Up Next

HBCU Baseball

HBCU baseball talent on display at Andre Dawson Classic

Dawson, one of only two former HBCU players in baseball’s Hall of Fame, says FAMU helped him get there

It’s been 23 years since Andre Dawson played baseball, yet his legacy continues to inspire players in the baseball world.

Last year, the Urban Invitational, the annual collegiate tournament showcasing historically black college and university (HBCU) baseball programs, was renamed the Andre Dawson Classic. When Dawson heard about the name change, he was surprised.

Dawson had received many accolades over his 21-year career, including an MVP award and being voted a Hall of Famer, but this was unexpected. He didn’t realize that he and Lou Brock were the only baseball Hall of Famers who attended HBCUs.

“It never really even dawned on me. It amazed me more than anything, because there is a vast number of black Hall of Famers,” Dawson said.

Dawson’s journey started at Florida A&M University (FAMU), which three of his uncles had attended.

“For me, it was learning how to grow up away from home. That was the most challenging thing,” Dawson said.

Dawson’s dreams of going to the pros started in middle school.

“Baseball was the only thing I knew growing up and the only thing I wanted to do,” he said. Although he was motivated by his dreams, Dawson recalls making a promise with a high school friend that he would try out for FAMU’s baseball team. He did more than keep the promise by making the team as a freshman and being placed in the starting lineup right away.

“Believe in your talent, believe in your ability.” — Andre Dawson

Dawson, considered one of the top HBCU athletes of all time, was drafted in 1975 and went on to play for the Montreal Expos, Chicago Cubs, Boston Red Sox and Florida Marlins. He is on the list of 55 players who hit 400 career home runs.

He fought for his chance in the limelight and to be seen by scouts even though he attended an HBCU. This tournament is a chance for baseball players to strive, to be given their chance. “For a lot of them it’s an opportunity. It’s going to be their first time ever to get this type of national exposure,” Dawson said.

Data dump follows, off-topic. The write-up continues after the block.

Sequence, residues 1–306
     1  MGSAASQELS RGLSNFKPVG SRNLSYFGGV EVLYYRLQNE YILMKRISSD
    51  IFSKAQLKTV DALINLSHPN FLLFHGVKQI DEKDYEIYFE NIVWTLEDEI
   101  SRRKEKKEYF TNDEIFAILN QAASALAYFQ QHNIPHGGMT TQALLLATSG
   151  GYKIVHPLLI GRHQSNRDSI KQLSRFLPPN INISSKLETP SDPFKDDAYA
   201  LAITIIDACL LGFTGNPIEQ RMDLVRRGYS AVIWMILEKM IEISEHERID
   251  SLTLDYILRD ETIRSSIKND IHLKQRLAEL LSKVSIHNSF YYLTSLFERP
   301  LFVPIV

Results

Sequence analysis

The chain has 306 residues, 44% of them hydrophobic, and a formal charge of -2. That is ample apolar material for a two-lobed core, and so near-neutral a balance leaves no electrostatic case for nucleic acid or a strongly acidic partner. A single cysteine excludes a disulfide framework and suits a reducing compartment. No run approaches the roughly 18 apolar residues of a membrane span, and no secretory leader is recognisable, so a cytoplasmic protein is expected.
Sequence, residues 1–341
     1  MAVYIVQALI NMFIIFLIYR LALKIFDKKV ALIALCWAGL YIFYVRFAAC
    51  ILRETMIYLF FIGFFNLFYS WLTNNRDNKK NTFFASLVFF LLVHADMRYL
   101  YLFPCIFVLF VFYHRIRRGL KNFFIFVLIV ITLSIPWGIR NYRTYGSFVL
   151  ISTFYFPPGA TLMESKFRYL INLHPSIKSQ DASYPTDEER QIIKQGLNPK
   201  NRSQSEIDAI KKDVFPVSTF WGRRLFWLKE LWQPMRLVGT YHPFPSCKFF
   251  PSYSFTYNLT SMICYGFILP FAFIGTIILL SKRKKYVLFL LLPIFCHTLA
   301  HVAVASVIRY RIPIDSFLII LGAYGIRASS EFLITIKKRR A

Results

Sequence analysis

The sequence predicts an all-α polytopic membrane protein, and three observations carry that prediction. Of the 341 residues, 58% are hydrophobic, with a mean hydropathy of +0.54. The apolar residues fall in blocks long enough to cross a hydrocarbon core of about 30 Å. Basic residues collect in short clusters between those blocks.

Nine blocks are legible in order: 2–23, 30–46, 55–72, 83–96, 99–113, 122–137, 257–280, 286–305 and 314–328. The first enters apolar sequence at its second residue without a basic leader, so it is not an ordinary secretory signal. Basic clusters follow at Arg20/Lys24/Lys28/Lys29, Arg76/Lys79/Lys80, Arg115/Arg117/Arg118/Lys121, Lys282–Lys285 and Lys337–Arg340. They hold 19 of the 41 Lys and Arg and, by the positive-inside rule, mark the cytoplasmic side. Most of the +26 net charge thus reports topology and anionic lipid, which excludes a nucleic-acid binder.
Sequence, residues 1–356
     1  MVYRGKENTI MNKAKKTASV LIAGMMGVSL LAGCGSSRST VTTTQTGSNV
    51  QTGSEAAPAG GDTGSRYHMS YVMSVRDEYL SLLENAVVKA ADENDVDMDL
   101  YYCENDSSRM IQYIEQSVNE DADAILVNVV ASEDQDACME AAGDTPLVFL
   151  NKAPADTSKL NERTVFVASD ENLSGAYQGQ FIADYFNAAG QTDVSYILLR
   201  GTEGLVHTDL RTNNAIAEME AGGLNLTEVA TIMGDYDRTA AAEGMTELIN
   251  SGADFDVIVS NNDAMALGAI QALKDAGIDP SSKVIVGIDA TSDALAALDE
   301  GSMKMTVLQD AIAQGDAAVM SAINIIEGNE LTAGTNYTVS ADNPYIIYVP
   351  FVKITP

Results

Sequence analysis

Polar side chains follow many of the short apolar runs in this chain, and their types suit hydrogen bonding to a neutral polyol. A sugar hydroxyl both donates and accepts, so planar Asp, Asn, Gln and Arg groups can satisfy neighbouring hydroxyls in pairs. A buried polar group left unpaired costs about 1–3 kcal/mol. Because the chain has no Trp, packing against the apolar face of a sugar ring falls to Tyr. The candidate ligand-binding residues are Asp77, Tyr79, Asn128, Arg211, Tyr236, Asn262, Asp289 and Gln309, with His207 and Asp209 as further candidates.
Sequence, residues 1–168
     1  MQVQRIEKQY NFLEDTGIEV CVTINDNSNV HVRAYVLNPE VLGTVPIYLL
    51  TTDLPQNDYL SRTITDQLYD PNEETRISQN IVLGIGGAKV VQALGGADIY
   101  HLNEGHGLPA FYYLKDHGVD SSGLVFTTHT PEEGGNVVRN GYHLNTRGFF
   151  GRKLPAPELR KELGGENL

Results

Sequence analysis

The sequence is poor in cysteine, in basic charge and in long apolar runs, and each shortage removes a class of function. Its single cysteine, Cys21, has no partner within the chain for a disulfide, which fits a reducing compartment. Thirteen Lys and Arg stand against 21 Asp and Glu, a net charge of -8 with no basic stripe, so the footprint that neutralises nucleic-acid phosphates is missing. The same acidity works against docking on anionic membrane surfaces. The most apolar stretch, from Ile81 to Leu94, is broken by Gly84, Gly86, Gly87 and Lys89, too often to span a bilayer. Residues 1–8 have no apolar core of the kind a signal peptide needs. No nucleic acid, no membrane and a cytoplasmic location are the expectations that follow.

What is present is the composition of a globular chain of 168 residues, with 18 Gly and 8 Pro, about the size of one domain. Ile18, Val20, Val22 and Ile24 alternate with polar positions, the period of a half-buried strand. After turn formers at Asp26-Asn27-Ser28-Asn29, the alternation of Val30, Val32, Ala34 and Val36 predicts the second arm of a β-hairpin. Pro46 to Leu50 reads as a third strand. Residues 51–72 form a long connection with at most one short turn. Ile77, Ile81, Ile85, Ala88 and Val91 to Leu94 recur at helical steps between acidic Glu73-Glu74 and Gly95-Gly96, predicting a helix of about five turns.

“The ultimate goal is for some of them — I know not the majority of them, but some of them — to just be able to aspire and get to the next level.”

FAMU will participate in this year’s tournament for the first time. Dawson will attend to see the Rattlers play.

“I think it’s going to be an exciting moment for me. The program suffered so much over the years, and now with [head coach] Jamey Shouppe at the helm, he has really changed that program around,” Dawson said.

Many people, especially Florida residents, have been happy about MLB renaming the tournament to honor Dawson.

“He’s such a household name in the Tallahassee area because of his connection to FAMU,” said Shouppe. “There’s only one guy that played college baseball [in Tallahassee] and made it to the Major League Baseball Hall of Fame — and no one from Florida State has ever done that — and that’s, of course, Andre Dawson.”

On Shouppe’s team, some of his players look up to Dawson’s accomplishments and are excited he’s a product of FAMU. “He came here and did what he was supposed to and got better and went off to major league baseball and did great things there,” Shouppe said. “It just proves that anything can happen, even when you go to a smaller school.”

Shouppe’s players are motivated just from walking in the same hallways as Dawson. For Octavien Moyer, a junior majoring in sport occupational therapy who started playing baseball at 5 years old, Dawson is a role model.

“He’s definitely a person you aspire to be like, whether that’s on the baseball field or off,” Moyer said. “It’s an honor because he went to our school, and for us to participate in the Classic.”

Dawson’s name is prominent in HBCU baseball, and players at other schools are taking an interest in his success. Outfielder Isaiah Torres always looked up to former major league catcher Victor Martinez until he got to Grambling.

“Martinez is a Latino like me, and I like the way he goes about his business and his approach,” Torres said. “Going to an HBCU, I have learned more about him [Dawson]. I know he’s an African-American Hall of Famer.”

Learning about Dawson’s journey from college to the pros gives Torres hope of making it himself. “It’s tough to come out of an HBCU, especially in baseball,” he said.

As a person of color, Torres can relate to the adversity that Dawson had to experience. “At that time, it was [rare] to have African-American ballplayers to play in the big leagues, and then on top of that to become a Hall of Famer,” Torres said.

“He broke some walls down and paved the way for other guys too.”

The Andre Dawson Classic takes place from Friday through Sunday at the New Orleans MLB Youth Academy. Eight teams will participate: Alabama State, Alcorn State, Grambling, Prairie View A&M, Southern, Arkansas-Pine Bluff, Florida A&M and non-HBCU Eastern Kentucky.

Dawson is confident that someone who is participating in the tournament can become the third Hall of Famer from an HBCU, but only when the player has the dedication and practices his craft relentlessly.

“Believe in your talent, believe in your ability,” Dawson said. “You’ve got to surround yourself, I think, with the right personnel, people who are going to encourage you, people who will work with you and support you.”

Allana J. Barefield is a senior mass communication major. The Bostonian is a student representative for the NABJ Sports Task Force, and loves writing feature stories because sports are more than just stats.